Points of Order

As blog owner, and lover of truth, I am pleased with the volume of discussion generated by one of the recent posts. Considering that: further discussion about the Highest Thing (quite obviously the highest in this case) is eminently worthwhile; the subject matter is, as Mathetes points out, extremely subtle; the interpretations of St. Thomas' argument among our group seem to be wildly different; the scope of the topic is quite large for blog-sized posts, with many sub-topics being covered in each comment; and finally, precision and order are most helpful to intellectual progress; I have decided to expand the post into a series, each installment offering a forum for discussing a particular aspect of the argument.

This first post will lay out the topics to be covered by subsequent posts.

The goal of our discussion is to come to an understanding of St. Thomas' Fourth Way, both in the sense of St. Thomas' intention and of its truth. Although it's been posted already in bits and pieces, here is the argument for the sake of reference:

Quarta via sumitur ex gradibus qui in rebus inveniuntur. Invenitur enim in rebus aliquid magis et minus bonum, et verum, et nobile, et sic de aliis huiusmodi. Sed magis et minus dicuntur de diversis secundum quod appropinquant diversimode ad aliquid quod maxime est, sicut magis calidum est, quod magis appropinquat maxime calido. Est igitur aliquid quod est verissimum, et optimum, et nobilissimum, et per consequens maxime ens, nam quae sunt maxime vera, sunt maxime entia, ut dicitur II Metaphys. Quod autem dicitur maxime tale in aliquo genere, est causa omnium quae sunt illius generis, sicut ignis, qui est maxime calidus, est causa omnium calidorum, ut in eodem libro dicitur. Ergo est aliquid quod omnibus entibus est causa esse, et bonitatis, et cuiuslibet perfectionis, et hoc dicimus Deum.
Based on our initial discussion, it seems important to be able to account for the following:
  1. What is the nature of the effect from which the argument proceeds? Especially, why does St. Thomas point out gradations in certain kinds of things: good, true, noble, etc.?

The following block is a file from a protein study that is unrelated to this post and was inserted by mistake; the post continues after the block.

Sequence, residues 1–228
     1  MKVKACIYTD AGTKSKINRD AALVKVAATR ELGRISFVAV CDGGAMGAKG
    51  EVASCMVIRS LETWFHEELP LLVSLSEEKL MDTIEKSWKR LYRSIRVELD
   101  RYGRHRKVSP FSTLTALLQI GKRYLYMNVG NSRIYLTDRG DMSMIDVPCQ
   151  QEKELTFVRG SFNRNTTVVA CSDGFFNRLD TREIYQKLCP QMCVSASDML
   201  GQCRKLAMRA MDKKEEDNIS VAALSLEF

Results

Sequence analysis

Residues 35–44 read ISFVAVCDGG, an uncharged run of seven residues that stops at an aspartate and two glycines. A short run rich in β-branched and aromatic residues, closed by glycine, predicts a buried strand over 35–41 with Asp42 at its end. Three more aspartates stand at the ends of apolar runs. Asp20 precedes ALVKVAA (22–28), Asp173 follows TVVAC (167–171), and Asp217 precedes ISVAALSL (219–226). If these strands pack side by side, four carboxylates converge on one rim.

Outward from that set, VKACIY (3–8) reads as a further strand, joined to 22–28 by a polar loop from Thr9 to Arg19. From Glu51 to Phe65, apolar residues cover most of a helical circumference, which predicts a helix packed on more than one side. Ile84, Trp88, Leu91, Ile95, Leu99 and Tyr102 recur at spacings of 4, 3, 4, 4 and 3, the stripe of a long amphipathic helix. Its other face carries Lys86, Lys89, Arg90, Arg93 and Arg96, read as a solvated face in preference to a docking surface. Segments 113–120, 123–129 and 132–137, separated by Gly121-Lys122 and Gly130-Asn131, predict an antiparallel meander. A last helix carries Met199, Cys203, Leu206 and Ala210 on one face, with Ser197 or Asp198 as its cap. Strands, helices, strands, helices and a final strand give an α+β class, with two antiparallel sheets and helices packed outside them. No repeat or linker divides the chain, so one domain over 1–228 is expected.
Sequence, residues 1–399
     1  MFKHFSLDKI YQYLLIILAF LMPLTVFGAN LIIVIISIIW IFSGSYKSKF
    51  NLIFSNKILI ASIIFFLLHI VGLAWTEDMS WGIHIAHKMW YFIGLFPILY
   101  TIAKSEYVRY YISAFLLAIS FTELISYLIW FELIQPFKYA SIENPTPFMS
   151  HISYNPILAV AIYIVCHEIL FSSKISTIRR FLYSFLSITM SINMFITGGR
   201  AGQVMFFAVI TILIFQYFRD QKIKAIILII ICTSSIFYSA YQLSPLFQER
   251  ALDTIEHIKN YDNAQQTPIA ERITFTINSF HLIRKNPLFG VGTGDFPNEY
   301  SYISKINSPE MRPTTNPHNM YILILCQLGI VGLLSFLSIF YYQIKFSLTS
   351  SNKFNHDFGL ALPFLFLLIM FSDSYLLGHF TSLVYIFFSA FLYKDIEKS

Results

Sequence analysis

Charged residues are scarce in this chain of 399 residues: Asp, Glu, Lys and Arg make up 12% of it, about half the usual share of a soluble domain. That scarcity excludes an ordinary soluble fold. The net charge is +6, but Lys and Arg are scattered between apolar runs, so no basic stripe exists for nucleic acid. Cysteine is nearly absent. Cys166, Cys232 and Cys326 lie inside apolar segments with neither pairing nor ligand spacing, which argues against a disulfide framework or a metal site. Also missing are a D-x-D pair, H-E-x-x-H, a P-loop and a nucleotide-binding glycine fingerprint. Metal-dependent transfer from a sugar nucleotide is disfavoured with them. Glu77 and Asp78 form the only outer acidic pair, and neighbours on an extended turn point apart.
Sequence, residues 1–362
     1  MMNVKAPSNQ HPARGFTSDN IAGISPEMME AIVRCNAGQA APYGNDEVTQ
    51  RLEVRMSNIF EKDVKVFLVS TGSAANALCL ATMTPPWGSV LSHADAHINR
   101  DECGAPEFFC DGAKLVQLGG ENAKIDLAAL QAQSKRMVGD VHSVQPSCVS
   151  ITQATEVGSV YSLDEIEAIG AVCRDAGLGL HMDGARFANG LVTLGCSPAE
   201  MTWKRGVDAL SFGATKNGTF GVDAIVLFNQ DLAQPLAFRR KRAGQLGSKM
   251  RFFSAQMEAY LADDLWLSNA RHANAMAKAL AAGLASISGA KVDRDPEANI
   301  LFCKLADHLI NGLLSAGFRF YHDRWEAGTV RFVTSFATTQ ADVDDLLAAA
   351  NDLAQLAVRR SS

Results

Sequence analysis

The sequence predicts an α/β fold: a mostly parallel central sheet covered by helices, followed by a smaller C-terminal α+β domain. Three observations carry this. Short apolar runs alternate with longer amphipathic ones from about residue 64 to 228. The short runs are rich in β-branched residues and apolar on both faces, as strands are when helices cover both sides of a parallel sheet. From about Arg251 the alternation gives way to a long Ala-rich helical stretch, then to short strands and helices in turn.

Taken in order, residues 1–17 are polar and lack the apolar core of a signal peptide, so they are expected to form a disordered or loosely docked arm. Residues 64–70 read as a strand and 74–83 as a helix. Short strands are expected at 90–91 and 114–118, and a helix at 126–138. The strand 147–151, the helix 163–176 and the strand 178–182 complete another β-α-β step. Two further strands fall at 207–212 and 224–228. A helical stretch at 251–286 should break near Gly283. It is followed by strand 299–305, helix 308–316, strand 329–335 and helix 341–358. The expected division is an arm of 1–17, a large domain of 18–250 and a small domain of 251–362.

2. How is the existence of a maximum implied by gradation, especially keeping in mind his example?

  3. Why does he switch from good, true, noble, etc. to being?

  4. Why does he append a "second half" to the argument, especially in light of the similar argument in the Summa Contra Gentiles?

  5. Why must the highest in a genus be the cause of the others, again being attentive to his example?

  6. Why does the argument end in "we" calling such a being God, not "all men", as in other arguments?
I'm assuming Mathetes' question about other texts will be answered in conjunction with the above points. I realize that some discussion is very difficult without addressing the argument as a whole, but hopefully this method will give us greater clarity by limiting the comment threads to one train of thought at a time. Let's leave the original post for discussion solely about Mathetes' proposed argument. Any methodological comments (suggestions for additional questions to consider, etc.) should go here, and, if there are no objections, I'll begin posting on the specific topics right away (meaning tomorrow night, since it's late). Disputemus!


  1. ho mathetes said...
    This comment has been removed by the author.
    ho mathetes said...
    "Let's leave the original post for discussion solely about Mathetes' proposed argument"

    Namely, my position that there need be an argument (and the character thereof) that more and less is said according to some maximum?

    Or the newly-emerged argument about how to correctly read the fourth way on the whole?

    The problem is: the second question hangs to some degree(haha)on the first.
    Vincentius said...
    Sorry, I should have been more clear. I meant to suggest that we reserve that post for discussions about the merits of the particular argument you laid out for there being a maximum, without proposing alternatives. I agree that whether an argument is necessary is another question. But can't we discuss the validity of the argument and how well it fits the text while still withholding judgment on whether such an argument is necessary to conclude as St. Thomas does?

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